LTC Bullet: WSJ Says Don't Count on Government for LTC
September 7, 2005
Comment: Today's Wall Street
Journal warns that government is likely to cut Medicaid LTC benefits and
encourage private LTC insurance. What
a good set-up for today's webcast debate on "Who Should Pay for Long-Term
Care." More after the
LTC DEBATE. By the time you receive
this LTC Bullet, the Cato-sponsored debate between Center for Long-Term Care
Reform president Steve Moses and New York elder law attorney Vincent Russo will
be over. But you can watch the
debate in the Cato Institute's archives later.
Just go to http://www.cato.org/realaudio/audiopages.html,
search for "Medicaid and the Long-Term Care Crisis--Who Should Pay,"
and click on the link to the program. You'll
need a free downloadable video or audio player to watch and/or listen to this
QUOTES. Following are sample quotes
from each of the participants in today's debate:
"If an individual requires long term care and has
significant assets to protect, then a combination of outright transfers directly
to family members and assets being placed in an Irrevocable Living Trust may
Vincent Russo in a presentation titled "Irrevocable Trusts for Asset
Protection" at the National Academy of Elder Law Attorneys' 10th
Anniversary Advanced Elder Law Institute in Washington, D.C. from November 20 to
"Medicaid cannot survive as a long-term care safety
net for the poor as long as it continues to be free inheritance insurance for
the baby boom generation. Medicaid
planning has to stop if responsible long-term care planning is to have a
Moses, president, Center for Long-Term Care Reform, Inc. ***
BULLET: WSJ SAYS DON'T COUNT
ON GOVERNMENT FOR LTC
Comment: Today's Wall Street
Journal contains an excellent article by Kelly Greene (filling in for
Jonathan Clements's "Getting Going" column).
Titled "Be Prepared: Government Funding for Nursing-Home Care May Be
Cut," the piece warns that Congress will likely make Medicaid LTC benefits
harder and LTC insurance more important to get.
Pick up a copy of the Journal or read the article electronically
if you have a subscription to the WSJ Online:
article's message is critical for the public to receive.
Medicaid's ability to provide a long-term care safety net for most
Americans has come to an end. The
program is already reeling fiscally long before the Age Wave will place the
heaviest financial pressure on it. Something
has to be done to wake Americans up to the risk of long-term care and persuade
them to save, invest or insure to meet that risk.
Articles in the national media like this one help immensely to wake the
public up to the biggest LTC risk, i.e. that the government-financed safety net
will soon collapse altogether.
are some excerpts from Kelly Greene, "Be Prepared:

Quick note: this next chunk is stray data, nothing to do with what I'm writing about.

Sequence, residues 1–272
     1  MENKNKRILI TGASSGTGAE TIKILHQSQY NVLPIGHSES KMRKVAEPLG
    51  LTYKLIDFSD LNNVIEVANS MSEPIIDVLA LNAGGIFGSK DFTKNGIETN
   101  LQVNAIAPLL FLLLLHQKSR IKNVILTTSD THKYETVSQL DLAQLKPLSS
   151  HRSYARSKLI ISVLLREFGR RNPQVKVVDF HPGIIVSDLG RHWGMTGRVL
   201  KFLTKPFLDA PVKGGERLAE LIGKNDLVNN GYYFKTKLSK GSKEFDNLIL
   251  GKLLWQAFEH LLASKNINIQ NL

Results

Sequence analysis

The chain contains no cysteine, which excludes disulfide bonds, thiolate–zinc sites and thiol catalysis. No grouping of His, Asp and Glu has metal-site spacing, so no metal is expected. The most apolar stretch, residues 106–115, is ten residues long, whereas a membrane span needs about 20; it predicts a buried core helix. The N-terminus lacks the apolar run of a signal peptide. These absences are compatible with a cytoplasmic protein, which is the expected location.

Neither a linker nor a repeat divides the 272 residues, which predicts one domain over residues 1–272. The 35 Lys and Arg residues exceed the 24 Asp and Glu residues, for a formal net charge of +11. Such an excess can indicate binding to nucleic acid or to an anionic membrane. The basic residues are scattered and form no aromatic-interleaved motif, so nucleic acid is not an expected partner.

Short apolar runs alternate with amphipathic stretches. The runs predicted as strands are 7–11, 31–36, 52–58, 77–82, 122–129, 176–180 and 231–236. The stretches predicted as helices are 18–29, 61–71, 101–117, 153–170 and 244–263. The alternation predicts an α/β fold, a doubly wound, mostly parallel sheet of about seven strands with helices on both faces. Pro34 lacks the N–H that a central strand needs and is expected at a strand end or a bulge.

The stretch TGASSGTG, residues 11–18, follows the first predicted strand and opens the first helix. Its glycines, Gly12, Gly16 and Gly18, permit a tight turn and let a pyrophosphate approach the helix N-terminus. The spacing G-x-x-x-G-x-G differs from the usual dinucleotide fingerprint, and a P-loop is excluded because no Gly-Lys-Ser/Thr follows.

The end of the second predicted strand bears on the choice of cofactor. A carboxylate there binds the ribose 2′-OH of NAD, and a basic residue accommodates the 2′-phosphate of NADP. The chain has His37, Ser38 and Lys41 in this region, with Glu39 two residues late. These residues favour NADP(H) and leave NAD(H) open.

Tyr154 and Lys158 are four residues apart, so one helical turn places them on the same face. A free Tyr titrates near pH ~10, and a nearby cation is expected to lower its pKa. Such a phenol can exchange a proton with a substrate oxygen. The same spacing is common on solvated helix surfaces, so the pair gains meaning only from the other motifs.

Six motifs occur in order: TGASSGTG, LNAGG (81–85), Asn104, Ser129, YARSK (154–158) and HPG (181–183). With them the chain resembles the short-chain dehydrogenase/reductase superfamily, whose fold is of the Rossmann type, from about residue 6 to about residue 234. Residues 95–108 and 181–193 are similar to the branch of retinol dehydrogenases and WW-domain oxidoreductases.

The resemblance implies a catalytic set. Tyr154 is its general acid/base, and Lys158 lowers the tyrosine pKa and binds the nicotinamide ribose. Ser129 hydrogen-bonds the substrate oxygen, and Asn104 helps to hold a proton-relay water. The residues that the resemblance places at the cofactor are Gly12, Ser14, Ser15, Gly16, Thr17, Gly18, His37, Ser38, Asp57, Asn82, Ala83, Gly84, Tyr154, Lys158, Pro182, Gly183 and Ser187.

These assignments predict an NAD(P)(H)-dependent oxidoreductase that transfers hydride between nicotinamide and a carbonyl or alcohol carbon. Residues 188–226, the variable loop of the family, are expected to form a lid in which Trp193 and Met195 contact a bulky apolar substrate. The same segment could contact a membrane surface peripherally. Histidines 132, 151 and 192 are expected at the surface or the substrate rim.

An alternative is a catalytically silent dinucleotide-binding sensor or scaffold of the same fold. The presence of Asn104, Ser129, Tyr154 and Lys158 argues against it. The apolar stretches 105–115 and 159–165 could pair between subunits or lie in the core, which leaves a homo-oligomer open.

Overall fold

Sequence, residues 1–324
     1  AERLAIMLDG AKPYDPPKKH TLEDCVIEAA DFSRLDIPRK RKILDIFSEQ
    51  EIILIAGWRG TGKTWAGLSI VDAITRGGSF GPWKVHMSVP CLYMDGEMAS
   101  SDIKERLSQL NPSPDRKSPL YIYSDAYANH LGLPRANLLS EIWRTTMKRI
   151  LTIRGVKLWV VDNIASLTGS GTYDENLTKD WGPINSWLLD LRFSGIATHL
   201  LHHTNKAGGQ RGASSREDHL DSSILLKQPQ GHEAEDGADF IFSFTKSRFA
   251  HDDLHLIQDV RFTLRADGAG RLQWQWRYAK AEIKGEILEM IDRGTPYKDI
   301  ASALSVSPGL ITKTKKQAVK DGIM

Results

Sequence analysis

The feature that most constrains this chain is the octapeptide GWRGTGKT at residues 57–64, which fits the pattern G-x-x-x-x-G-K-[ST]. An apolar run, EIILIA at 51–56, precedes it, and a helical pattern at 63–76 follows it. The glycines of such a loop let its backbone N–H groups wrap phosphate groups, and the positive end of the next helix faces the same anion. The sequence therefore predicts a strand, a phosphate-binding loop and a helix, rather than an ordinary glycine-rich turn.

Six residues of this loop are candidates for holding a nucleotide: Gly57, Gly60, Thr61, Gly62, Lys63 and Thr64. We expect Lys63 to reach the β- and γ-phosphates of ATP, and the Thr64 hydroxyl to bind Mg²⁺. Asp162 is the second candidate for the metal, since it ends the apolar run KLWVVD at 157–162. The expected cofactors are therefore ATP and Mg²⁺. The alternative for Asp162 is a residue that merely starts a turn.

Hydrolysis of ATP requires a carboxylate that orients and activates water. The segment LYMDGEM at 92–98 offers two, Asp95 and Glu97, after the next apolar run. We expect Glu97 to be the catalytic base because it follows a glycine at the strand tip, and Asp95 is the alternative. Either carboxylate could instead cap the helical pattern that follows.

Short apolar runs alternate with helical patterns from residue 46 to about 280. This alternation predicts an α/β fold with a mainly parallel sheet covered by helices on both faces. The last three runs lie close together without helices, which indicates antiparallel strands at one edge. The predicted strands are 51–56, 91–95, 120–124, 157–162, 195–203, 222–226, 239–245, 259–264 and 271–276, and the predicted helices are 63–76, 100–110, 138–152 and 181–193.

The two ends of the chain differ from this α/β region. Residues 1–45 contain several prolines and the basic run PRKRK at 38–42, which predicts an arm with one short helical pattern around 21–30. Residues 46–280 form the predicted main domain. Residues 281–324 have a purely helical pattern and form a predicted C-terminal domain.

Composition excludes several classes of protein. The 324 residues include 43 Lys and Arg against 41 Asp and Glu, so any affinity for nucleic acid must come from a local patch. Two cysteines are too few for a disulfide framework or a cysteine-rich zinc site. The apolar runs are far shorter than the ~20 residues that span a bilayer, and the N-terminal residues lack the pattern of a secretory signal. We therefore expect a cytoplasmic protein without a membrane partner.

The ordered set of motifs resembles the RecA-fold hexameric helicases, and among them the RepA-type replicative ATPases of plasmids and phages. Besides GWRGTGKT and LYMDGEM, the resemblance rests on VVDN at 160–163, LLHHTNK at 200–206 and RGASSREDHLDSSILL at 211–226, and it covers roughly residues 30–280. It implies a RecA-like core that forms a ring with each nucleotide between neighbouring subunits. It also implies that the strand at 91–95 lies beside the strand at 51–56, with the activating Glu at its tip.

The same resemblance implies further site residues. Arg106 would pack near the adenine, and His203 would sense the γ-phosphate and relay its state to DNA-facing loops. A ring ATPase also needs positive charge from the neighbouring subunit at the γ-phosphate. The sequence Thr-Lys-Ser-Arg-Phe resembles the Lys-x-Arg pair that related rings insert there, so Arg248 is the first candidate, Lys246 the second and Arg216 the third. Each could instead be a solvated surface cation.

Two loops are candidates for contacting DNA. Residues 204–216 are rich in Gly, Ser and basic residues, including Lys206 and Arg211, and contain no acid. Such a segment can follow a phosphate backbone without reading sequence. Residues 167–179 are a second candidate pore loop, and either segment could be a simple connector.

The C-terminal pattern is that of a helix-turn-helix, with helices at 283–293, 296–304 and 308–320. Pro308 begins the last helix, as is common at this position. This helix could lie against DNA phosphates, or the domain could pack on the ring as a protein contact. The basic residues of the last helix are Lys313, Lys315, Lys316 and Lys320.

Government Funding for Nursing-Home Care May Be Cut," Wall Street
Journal, Page D1, September 7, 2005.
lengthy stay in a nursing home, especially for those relying on help from
Medicaid, could become even more expensive under rules proposed to save the
government health program money.
a joint federal and state program for the needy, pays almost half of the
country's long-term-care bills. But
the Bush administration's budget plan, now being addressed by Congress, proposes
cutting the Medicaid budget, which is $329 billion this year, by at least $10
billion over five years.
commission convened in May by the Department of Health and Human Services, which
oversees Medicaid, last week came up with specific proposals for tightening
Medicaid's use for long-term care. The
same proposals were made in President Bush's budget plan and in recommendations
by the National Governors Association.
a political earthquake going on now with Medicaid and long-term care,' says
Stephen Moses, president of the Center for Long-Term Care Reform Inc. in
Seattle. 'In the future, Medicaid
will no longer be a resource for middle- and upper-class people.'
of the proposed cuts could come from tightening loopholes that let some older
people qualify for aid by sheltering their assets. . . .
proposed change could make it even tougher for older parents to leave their
assets intact for their boomer children, while at the same time getting
government help with long-term-care costs. . . .
is also considering measures aimed at softening the blow.
Separate bills being considered in the Senate and House propose expanding
nationwide the so-called Partnership for Long-Term Care, a public-private
long-term-care insurance program that's currently available in four states:
California, Connecticut, Indiana and New York.
the partnership program, a person buys a private long-term-care policy that has
been approved by state officials. If
the person later enters long-term care and exhausts the private policy's
coverage, he can still apply for Medicaid to help cover any additional costs. .
the states with these programs, the long-term-care insurance market grew 23%
faster from 1993 (when the programs were started) to 2001 than in states without
them, says Mark Meiners, a health policy professor at George Mason University in
Fairfax, Va., who helped develop the partnership program.
So far, of the 180,000 policies purchased since 1992, only 89 have been
exhausted, a recent study found. . . .
"There's no assurance that Congress will agree in the current session on the details of Medicaid cuts, or to expand the long-term-care-insurance program. Even so, the intensifying focus on Medicaid's costs should be a red flag to anyone counting on government aid for long-term care."